Using the file system API as the target, the following strings are all equivalent to many programs:


As you can see, there are many ways to make a semantically equivalent request. All these strings ultimately result in a request for the file ../test.txt.

+ Attacker Skills or Knowledge Required

Skill or Knowledge Level: Medium

+ Solutions and Mitigations

Perform white list rather than black list input validation.

Canonicalize all data prior to validation.

Take an iterative approach to input validation (defense in depth).

+ Attack Motivation-Consequences
  • Privilege Escalation
  • Data Modification
+ Injection Vector

Web Form, URL, Network Socket, File

+ Payload

The payload is the parameter that an attacker is supplying to the targetted API that will allow the attacker to elevate privilege and subvert the authorization service.

+ Activation Zone

The targetted API is the activation zone. These attacks often target the file system or the shell to execute commands.

+ Payload Activation Impact

Failure in authorization service may lead to compromises in data confidentiality and integrity.

+ Related Weaknesses
CWE-IDWeakness NameWeakness Relationship Type
173Failure to Handle Alternate EncodingTargeted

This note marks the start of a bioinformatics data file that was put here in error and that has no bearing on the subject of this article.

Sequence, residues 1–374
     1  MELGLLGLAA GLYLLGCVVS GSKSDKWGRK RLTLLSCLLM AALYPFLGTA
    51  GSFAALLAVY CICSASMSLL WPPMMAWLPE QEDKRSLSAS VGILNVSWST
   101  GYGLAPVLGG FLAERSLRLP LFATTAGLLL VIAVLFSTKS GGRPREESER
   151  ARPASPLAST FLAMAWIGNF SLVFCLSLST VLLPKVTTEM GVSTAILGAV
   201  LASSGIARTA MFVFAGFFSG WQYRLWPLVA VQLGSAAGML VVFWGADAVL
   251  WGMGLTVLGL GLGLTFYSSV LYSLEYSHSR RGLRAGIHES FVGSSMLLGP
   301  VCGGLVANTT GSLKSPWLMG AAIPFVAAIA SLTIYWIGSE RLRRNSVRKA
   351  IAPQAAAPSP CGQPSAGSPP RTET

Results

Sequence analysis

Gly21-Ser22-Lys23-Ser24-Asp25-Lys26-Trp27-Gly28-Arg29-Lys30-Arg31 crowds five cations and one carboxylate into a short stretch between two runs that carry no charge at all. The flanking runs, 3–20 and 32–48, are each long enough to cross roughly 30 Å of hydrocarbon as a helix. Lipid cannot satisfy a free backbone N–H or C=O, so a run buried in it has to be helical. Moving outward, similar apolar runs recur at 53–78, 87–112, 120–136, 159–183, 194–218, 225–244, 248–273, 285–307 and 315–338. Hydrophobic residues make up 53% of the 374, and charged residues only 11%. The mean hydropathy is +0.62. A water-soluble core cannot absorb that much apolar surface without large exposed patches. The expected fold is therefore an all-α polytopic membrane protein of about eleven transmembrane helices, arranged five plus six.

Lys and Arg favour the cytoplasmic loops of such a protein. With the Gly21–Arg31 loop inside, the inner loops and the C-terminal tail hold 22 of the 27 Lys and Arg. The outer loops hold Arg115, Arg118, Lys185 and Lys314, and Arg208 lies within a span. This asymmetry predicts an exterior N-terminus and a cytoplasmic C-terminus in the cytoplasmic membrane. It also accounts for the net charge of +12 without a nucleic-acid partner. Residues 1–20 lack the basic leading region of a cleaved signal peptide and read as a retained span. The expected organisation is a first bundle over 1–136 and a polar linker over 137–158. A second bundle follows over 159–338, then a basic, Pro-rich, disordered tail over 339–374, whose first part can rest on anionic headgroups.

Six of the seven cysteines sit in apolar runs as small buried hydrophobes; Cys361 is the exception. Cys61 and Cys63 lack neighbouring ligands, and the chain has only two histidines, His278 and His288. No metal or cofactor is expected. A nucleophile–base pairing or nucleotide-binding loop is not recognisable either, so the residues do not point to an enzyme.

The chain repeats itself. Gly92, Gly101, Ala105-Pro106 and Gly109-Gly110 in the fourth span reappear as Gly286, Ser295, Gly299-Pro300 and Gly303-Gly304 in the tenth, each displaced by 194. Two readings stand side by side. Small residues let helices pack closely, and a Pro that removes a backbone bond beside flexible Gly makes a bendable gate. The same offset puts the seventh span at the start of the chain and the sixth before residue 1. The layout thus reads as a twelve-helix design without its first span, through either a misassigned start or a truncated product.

41Improper Resolution of Path EquivalenceTargeted
172Encoding ErrorTargeted
171Cleansing, Canonicalization, and Comparison ErrorsTargeted
179Incorrect Behavior Order: Early ValidationTargeted
180Incorrect Behavior Order: Validate Before CanonicalizeTargeted
181Incorrect Behavior Order: Validate Before FilterSecondary
183Permissive WhitelistSecondary
184Incomplete BlacklistSecondary
20Improper Input ValidationTargeted
74Failure to Sanitize Data into a Different Plane ('Injection')Targeted
697Insufficient ComparisonTargeted
707Improper Enforcement of Message or Data StructureTargeted
+ Related Attack Patterns
NatureTypeIDNameDescriptionView(s) this relationship pertains toView\(s\)
ChildOfAttack PatternAttack Pattern267Leverage Alternate Encoding 
Mechanism of Attack (primary)1000
+ Related Security Principles
  • Defense in Depth

  • Reluctance to Trust

  • Least Privilege

+ Related Guidelines
  • Perform input validation and filtering on data in its canonical form.

  • Understand the APIs to which user input will be passed and know how permissive they are. Perform appropriate input validation given that information.

+ Purposes
  • Exploitation
+ CIA Impact
Confidentiality Impact: LowIntegrity Impact: LowAvailability Impact: High
+ Technical Context
Architectural Paradigms
+ References

G. Hoglund and G. McGraw. Exploiting Software: How to Break Code. Addison-Wesley, February 2004.

+ Content History
G. Hoglund and G. McGraw. Exploiting Software: How to Break Code. Addison-Wesley, February 2004.Cigital, Inc2007-03-01
Eugene LebanidzeCigital, Inc2007-02-26Fleshed out content to CAPEC schema from the original descriptions in "Exploiting Software"
Sean BarnumCigital, Inc2007-03-05Review and revise
Richard StruseVOXEM, Inc2007-03-26Review and feedback leading to changes in Name, Attack Execution Flow and Examples
Sean BarnumCigital, Inc2007-04-13Modified pattern content according to review and feedback